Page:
My feet hurt. Last Sunday my destination was a well placed picnic bench.
From here I could comfortably observe the Double-crested Cormorants and Caspian Terns on the colonies at the northeast shoreline of the Canadian Centre for Inland Waters.
Truthfully, I was hoping to get some in flight photographs of the Caspian Terns but they weren’t budging. They were otherwise quite animated.
On the return journey to the parking lot I accidentally flushed three Black-crowned Night-herons. Once they returned to the tree two of the three resumed their watch.
Pressing forward I stopped at the shore to take a closer look at the trees on the islands. Lo and behold there were at least 25 herons roosting in the trees. Here are the two larger groups.
This sign is self-explanatory.
Heading back along the beach strip this Northern Flicker’s foraging on a front lawn caught my attention.
At 8:00 a.m. on April 25th I joined approximately 40 participants on the Leslie Street Spit/Tommy Thompson Park spring bird walk. The walk, sponsored by the Toronto Ornithological Club, was led by members of the Friends of the Leslie Spit. All levels and ages of birders were represented. FYI, a total of 316 bird species have been recorded at Tommy Thompson Park/Leslie Street Spit. It is not only Toronto’s number one birding location, it is car and pet free.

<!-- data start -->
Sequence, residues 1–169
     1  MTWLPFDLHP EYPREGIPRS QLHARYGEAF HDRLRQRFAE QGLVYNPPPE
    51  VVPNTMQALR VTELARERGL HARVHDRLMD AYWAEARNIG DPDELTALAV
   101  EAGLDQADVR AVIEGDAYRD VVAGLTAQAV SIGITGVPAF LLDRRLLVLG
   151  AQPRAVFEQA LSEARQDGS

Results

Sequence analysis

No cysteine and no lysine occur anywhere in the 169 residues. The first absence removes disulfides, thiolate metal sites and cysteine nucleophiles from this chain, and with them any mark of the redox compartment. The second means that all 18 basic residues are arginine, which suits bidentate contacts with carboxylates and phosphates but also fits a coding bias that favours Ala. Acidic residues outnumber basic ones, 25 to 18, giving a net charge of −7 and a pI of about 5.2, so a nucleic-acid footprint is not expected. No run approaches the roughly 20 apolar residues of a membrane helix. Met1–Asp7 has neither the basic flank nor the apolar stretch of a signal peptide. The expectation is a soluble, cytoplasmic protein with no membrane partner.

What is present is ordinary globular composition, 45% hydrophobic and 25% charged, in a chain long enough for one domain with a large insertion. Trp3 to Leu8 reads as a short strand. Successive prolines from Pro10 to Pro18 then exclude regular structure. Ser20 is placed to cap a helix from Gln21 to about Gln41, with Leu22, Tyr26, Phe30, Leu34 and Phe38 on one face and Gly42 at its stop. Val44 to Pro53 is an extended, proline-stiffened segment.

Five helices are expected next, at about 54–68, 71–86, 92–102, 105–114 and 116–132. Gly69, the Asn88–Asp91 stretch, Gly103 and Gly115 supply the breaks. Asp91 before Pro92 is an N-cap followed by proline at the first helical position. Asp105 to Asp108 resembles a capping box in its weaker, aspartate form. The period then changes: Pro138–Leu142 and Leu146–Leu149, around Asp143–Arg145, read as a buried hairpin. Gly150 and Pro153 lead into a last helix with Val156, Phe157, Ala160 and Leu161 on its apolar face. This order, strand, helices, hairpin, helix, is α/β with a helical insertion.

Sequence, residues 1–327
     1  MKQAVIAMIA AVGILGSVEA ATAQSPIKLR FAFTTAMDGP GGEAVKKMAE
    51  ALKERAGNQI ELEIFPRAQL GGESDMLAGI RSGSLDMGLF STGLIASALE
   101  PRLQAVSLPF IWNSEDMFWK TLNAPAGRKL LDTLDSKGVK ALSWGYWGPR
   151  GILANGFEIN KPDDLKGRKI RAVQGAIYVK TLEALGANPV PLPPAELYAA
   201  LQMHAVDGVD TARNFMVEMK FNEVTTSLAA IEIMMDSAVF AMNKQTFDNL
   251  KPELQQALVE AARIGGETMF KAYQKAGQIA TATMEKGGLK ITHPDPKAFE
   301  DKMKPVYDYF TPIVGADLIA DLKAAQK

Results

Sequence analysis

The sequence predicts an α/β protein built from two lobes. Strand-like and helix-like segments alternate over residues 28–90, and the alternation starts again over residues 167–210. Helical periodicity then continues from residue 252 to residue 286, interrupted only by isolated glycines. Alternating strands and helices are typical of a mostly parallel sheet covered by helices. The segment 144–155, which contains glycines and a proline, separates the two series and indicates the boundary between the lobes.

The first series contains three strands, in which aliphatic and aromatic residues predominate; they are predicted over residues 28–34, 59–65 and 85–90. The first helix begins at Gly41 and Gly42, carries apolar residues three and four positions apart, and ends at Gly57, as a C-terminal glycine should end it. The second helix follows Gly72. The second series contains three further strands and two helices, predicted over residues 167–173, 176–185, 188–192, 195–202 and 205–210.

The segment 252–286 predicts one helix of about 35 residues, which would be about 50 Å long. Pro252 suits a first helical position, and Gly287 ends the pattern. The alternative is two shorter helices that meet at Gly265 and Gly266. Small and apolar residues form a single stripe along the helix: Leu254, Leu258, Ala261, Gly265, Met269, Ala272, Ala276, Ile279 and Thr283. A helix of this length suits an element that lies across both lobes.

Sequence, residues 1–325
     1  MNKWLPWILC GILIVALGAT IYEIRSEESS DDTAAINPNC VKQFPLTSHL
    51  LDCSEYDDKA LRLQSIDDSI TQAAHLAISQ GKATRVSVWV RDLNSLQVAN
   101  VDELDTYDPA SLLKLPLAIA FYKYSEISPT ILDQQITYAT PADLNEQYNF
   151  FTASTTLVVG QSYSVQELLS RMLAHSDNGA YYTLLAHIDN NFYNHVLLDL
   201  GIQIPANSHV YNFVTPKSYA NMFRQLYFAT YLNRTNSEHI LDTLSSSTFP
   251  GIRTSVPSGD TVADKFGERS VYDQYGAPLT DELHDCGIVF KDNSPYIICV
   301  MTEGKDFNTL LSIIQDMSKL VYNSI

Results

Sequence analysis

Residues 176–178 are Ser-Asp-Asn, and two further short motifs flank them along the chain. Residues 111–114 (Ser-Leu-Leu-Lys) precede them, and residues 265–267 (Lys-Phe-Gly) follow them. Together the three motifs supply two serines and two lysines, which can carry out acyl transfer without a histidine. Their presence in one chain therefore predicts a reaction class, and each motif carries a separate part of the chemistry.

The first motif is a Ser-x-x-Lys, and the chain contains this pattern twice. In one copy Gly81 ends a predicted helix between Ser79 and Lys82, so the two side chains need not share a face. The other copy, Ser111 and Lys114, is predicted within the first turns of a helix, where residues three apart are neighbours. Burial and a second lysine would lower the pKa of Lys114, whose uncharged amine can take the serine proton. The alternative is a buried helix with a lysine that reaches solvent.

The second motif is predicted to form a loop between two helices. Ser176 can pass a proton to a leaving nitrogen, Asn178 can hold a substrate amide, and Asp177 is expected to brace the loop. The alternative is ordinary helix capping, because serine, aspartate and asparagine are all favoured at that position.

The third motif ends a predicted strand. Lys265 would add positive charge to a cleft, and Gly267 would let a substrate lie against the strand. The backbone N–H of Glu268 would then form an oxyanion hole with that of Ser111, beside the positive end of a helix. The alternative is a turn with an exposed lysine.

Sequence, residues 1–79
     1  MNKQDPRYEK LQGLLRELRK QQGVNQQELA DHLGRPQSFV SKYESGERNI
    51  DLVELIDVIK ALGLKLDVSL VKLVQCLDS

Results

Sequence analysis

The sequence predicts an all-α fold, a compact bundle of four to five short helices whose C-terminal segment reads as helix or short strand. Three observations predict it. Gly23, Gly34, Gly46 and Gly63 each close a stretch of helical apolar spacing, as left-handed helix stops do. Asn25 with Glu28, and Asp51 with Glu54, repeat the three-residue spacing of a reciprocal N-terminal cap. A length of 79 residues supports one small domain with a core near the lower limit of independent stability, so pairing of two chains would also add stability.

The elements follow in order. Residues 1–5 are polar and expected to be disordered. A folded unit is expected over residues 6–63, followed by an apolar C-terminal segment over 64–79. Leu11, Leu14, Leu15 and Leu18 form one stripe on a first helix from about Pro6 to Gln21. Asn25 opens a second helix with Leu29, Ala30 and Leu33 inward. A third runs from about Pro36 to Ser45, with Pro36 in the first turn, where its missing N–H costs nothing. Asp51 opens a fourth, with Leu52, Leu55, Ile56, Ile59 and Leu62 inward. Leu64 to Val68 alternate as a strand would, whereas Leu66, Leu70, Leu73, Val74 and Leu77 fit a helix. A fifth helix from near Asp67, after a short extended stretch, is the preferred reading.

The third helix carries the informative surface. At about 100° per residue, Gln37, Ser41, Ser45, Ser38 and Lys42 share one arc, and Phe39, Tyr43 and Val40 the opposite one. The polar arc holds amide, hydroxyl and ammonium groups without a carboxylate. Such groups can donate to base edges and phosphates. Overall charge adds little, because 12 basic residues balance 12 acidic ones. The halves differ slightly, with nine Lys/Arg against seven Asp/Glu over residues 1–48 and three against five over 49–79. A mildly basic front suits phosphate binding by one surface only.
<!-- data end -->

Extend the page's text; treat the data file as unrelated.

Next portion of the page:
As at 2:30 p.m. 66 species were observed. While the opportunity for photographs wasn’t optimal, familiarizing myself with the parks’ hot spots including the area known as the Wet Woods was true goal. New species for me were the Rusty Blackbird, Common Raven, Great Horned Owl, Iceland Gull and Blue-winged Teal. Here are some of the beauties we found:
Some disappointing news put me in a bit of a bad mood on Sunday. I actually gave thought to returning home but I soldiered on to Lasalle. So glad I did. The resident Carolina Wren posed for three of us for about five minutes.
The star of the day was a male Hooded Merganser. His proximity to the shore captured our attention. Usually, these are skittish birds. After a short while it became clear that this gorgeous merganser was smitten by a female Mallard. He followed her everywhere, stood guard and when necessary sent the male Mallard packing. It was quite the hilarious sight.
Birding can indeed lift your mood!